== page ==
Will Atlantic Salmon’s fate sour investors on the entire Atlantic salmon RAS industry? Or is Atlantic Sapphire a special case? Time will tell. Recently, Maggie Fried of the CREO group gave a presentation where she outlined investor concerns when it comes to RAS.
Maggie’s List of investor concerns
- Ongoing capital needs even for established companies are too high
- Cost of production is still too high – needs to be closer to net pen costs
- Long production cycle – off-flavour is still a problem
- Needs returns in the needed time frame
- Upfront capital is too high without enough access to debt to defray equity costs
Rabobank has also assembled a partial list of RAS operational risks
- High capex
- Limitations to scale
- Long-term returns low
- Consumer acceptance not assured
- High stocking density
- Reliance on premium pricing
- Technological failure frequency too high
- Biological challenges; disease, mortality, early maturity, slow growth
- product quality – off-flavour
- Acceptance by local community
- Regulatory – water intake and discharge waste
These concerns will need to be addressed if the sector is to continue to attract investment. Many of the issues are complex and some are wicked problems. It will not be easy.
Was net pen farming just as risky in the beginning?
Several people have compared the early stages of RAS salmon to the early stages of net-pen salmon farming. Some suggested that the current problems with RAS were no different than the early problems with net-pen farming. It was a new technology, suffering from heavy losses and had limited access to capital. All were true. But there’s one big difference: there were many profitable net-pen farms from the very beginning. Consolidation in the net-pen industry did not occur until production outstripped market demand, leading to a dramatic drop in salmon prices. When this happened, many net pen salmon farming companies had strong balance sheets, and these companies were able to consolidate the industry through mergers and acquisitions. Post consolidation, the industry had remained profitable for the last quarter century.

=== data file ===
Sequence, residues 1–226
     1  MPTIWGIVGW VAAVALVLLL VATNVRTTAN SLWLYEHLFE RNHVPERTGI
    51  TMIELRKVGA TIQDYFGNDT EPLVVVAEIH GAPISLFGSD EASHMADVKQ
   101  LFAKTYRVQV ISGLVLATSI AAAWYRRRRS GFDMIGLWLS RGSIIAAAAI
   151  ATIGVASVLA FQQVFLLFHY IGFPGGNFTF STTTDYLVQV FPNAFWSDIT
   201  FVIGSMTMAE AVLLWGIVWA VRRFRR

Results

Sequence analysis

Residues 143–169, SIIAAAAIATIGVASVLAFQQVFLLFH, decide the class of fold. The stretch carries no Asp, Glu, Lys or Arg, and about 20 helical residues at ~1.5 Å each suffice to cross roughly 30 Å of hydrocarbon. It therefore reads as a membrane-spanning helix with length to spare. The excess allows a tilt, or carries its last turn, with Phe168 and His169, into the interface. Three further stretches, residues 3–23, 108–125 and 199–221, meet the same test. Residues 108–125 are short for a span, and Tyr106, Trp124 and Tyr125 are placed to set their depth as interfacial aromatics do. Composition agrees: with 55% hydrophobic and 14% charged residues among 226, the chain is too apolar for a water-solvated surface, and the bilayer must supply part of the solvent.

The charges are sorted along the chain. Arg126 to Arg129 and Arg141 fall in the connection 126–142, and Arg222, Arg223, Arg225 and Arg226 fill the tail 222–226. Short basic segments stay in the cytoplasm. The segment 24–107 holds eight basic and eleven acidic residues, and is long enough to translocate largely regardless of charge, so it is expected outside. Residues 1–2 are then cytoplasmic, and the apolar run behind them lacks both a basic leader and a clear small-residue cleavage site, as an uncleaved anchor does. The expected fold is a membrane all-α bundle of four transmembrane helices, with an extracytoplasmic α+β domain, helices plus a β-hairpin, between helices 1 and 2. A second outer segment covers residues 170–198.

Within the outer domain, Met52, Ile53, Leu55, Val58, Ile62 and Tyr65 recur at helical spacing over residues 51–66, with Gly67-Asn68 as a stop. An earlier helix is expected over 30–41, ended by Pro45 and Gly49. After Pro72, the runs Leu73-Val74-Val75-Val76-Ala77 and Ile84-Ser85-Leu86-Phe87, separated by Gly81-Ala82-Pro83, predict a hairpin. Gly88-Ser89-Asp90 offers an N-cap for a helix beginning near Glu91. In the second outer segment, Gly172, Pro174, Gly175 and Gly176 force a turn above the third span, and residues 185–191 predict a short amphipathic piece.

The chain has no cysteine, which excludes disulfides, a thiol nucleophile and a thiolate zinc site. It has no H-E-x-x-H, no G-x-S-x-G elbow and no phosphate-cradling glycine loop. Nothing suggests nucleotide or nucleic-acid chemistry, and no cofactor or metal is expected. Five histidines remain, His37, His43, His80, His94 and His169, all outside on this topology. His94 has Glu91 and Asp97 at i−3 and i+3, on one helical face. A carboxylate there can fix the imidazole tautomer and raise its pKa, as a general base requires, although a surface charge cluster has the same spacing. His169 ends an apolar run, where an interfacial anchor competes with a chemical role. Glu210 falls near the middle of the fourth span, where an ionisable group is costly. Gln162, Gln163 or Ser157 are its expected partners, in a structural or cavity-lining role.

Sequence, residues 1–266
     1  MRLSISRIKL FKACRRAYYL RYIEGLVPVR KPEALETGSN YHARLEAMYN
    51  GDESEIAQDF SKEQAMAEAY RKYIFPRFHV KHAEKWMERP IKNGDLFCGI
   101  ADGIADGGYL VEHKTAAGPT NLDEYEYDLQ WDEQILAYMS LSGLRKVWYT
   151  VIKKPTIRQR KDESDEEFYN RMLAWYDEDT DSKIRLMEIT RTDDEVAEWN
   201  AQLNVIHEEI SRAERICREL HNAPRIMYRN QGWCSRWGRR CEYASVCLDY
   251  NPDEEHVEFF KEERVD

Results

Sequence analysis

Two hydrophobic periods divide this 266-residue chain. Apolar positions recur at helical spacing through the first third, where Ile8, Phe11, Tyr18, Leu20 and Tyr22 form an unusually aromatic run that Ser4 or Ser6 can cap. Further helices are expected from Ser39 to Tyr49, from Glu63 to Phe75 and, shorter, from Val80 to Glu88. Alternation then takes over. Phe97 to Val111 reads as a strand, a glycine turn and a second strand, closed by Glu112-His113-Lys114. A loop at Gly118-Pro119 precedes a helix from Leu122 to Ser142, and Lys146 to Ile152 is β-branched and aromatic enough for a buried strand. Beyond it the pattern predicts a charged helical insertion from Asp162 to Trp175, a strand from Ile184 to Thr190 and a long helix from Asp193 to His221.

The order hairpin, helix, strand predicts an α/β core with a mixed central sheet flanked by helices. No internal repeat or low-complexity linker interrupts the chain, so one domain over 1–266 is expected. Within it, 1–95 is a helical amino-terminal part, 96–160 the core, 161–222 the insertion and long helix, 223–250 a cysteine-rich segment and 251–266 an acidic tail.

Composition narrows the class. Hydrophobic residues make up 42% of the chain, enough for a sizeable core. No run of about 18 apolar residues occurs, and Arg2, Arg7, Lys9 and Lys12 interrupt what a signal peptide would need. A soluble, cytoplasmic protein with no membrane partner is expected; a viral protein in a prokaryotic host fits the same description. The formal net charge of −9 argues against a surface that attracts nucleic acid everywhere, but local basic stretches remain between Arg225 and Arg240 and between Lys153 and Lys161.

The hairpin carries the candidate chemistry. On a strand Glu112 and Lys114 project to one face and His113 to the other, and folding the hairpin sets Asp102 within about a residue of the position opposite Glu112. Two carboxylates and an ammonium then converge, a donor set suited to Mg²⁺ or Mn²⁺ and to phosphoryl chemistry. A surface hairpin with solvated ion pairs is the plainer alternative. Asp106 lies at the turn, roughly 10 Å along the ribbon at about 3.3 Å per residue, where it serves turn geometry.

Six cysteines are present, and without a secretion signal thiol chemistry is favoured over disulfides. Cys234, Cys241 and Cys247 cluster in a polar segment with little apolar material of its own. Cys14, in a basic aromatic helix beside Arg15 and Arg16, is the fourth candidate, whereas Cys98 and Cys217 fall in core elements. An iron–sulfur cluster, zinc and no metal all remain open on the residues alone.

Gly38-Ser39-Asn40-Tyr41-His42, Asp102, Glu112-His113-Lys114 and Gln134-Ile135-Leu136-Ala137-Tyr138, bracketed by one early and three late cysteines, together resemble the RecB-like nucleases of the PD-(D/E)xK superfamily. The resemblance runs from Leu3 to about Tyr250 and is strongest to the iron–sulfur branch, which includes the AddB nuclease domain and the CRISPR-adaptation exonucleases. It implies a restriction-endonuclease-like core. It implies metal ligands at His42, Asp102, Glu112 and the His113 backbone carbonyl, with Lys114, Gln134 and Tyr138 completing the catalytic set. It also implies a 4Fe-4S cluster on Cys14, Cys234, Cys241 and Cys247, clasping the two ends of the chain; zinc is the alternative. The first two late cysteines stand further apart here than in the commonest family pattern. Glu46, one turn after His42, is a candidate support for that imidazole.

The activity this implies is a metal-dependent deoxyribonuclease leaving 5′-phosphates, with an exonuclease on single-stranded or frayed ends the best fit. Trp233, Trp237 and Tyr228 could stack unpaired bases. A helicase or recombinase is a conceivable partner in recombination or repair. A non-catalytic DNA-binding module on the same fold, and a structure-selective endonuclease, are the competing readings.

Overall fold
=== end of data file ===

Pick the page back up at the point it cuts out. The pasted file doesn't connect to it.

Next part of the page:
In the case of RAS salmon, the story is different. RAS for commercial growout of salmon has been in play for a couple of decades – so it is not “new” as some would suggest. In using RAS for raising smolts, many of the technological problems have already been sorted out and net pen farmers have successfully used it in tandem with net-pen farming in the second phase of the salmon life cycle. Its use in salmon growout remains fraught with technological and biological challenges. This makes financial viability elusive.
Dr. Brad Hicks has been working in the fish farming industry for over 40 years, has raised six species on a commercial basis and helped pioneer sablefish aquaculture. He was COO for various successful fish farming operations throughout Canada, the US and Chile, and VP of fish feed operations in Canada. Pertinent to this current discussion, Dr Hicks was responsible for the decision to install the first RAS smolt rearing facility in British Columbia in the mid-1990s. He holds degrees in fish and wildlife biology BSc, veterinary pathology MSc and veterinary medicine DVM.